George Herbert was born in Montgomery, Powys, Wales in April of 1593. His parents were Richard Herbert and Magdalen Herbert and he was one of ten children born to the couple. He grew up in a very affluent household which close to both the national and local government. At one point his father was a member of parliament as well as a justice of the peace. For a time Richard Herbert serve as a high sheriff and custom rotulorum, or keeper of the rolls, in Montgomeryshire.
Herbert’s mother was inclined to a more artistic life. She was a patron and close friend of the poet John Donne, as well as a number of other poets, writers and artists. Donne was made Herbert’s godfather after the death of Richard Herbert. The children were primarily raised by their mother who spent a great deal of time worrying about their education.
When he was twelve years old Herbert entered Westminster School as a day pupil. He later became a residential scholar and was admitted to Trinity College, Cambridge in 1609. It was from here that he graduated with a Bachelor’s and Master’s degree. He graduated in 1616 at the age of 23. After his time at university he was elected a major fellow of the college and was appointed Reader in Rhetoric. Throughout his years of education he devoted a great deal of time studying Latin and Greek. These skills allowed him to attain the post of the University’s Public Orator. He remained in this role until 1627.
Early Career and Religious Training
Herbert’s first work, Qua auspicatissimum Serenissimi Principis Caroli, was published in 1623. He is known today for writing in English, Latin and Greek. It was in 1624 that Herbert became a member of parliament, representing Montgomery. He gained favour with King James I during this time period but the king died in 1625, as well as two patron who were helping to fund the young man’s career. Herbert’s short career in parliament was over but he quickly moved from politics to the church.
In 1626, he was presented with the Prebendary of Leighton Bromswold in the Diocese of Lincoln, a high level position which was in the upper levels of the clergy. During this same time period he was a don at Trinity College, Cambridge. It was not until 1629 that Herbert decided to enter the priesthood. He became the rector of Fugglestone St Peter with Bemerton, near Salisbury in Wiltshire. Herbert lived in this town for the rest of his life, writing and preaching.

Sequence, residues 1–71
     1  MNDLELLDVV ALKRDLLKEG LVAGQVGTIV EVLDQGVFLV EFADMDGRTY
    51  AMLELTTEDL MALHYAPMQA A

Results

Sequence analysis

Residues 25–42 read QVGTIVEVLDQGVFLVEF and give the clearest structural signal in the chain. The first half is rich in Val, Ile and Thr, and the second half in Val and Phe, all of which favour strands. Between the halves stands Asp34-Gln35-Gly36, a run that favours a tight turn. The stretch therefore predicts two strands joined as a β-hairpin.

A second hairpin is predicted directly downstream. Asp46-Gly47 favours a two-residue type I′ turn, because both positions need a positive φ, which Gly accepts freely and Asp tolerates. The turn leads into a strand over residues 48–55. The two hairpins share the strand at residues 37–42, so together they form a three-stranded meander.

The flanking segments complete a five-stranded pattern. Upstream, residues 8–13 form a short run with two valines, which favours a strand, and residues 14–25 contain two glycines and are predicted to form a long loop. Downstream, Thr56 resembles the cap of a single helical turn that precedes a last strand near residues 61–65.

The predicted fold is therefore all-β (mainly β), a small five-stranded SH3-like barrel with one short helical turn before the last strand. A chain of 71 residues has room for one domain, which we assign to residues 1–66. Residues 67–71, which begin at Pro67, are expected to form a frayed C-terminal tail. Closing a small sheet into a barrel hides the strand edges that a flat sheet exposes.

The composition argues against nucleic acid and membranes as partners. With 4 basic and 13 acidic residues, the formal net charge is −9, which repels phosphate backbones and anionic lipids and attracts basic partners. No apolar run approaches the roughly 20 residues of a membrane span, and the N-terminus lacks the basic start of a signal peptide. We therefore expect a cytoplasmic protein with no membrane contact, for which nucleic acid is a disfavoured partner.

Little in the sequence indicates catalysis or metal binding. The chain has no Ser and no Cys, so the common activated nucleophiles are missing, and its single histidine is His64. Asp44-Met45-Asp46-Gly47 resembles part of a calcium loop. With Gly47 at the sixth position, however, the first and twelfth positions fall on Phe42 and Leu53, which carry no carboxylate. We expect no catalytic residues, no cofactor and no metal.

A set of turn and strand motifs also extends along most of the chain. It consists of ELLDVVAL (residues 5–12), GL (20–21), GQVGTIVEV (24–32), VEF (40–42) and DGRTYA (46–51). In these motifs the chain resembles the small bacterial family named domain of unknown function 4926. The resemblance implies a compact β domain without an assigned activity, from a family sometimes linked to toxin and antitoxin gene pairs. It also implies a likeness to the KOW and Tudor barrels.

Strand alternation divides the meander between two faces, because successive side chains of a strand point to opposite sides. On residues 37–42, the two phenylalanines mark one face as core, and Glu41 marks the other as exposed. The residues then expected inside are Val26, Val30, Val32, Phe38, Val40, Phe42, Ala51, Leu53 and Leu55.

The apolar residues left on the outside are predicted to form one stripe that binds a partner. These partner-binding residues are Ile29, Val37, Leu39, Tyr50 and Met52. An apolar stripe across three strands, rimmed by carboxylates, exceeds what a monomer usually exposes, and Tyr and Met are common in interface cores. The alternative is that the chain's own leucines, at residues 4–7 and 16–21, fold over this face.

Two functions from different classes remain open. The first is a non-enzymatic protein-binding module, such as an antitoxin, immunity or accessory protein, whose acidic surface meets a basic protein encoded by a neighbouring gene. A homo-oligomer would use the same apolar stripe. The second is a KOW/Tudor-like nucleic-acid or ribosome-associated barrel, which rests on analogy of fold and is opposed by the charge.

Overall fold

In 1633 he published, The Temple, Sacred Poems and Private Ejaculations, which was printed in eight different editions before 1690. Like most of Herbert’s poems, these are on a religious theme. He proceeds through the book from the front of the church, to ‘The Altar,’ to ‘The Sacrifice.’ Of his work it has been said that there is a true closeness to God. Herbert’s devotion was clear through the text. Herbert’s life in Bemerton was not long. In 1633 he took ill and died of consumption.
After Herbert’s death, a book of proverbs was published in 1640, titled, His Outlandish Provers. It listed over 1,000 aphorisms in English which had been gathered from a number of different countries. These proverbs, as well as another 150 were re-published posthumously in the collection, Herbert’s Remains.
A reader of Herbert’s text will also take note of the ways in which many of the poems are printed. Often the text were varied on the page, such as appearing sideways, in an effort to enhance the meaning of the piece. One example of this technique can be see in the poem, ‘The Altar,’ in which the shorter and longer lines are arranged so they form the image of an altar.
In 1653, Herbert’s only prose work A Priest to the Temple (usually known as The Country Parson) was published. It offered practical advice to rural members of the clergy and explained that what may seem to be worldly objects, such as ploughs, could be made to serve God’s truth. In addition to Herbert’s skill with the written word, he was known for his ability to play the lute. He often set his own verses and since his death over ninety of his poems have been set to music.
It was not for many centuries after his death that Herbert was appreciated for more than just his piety. His poetic works were not truly admired until a great deal of time had passed.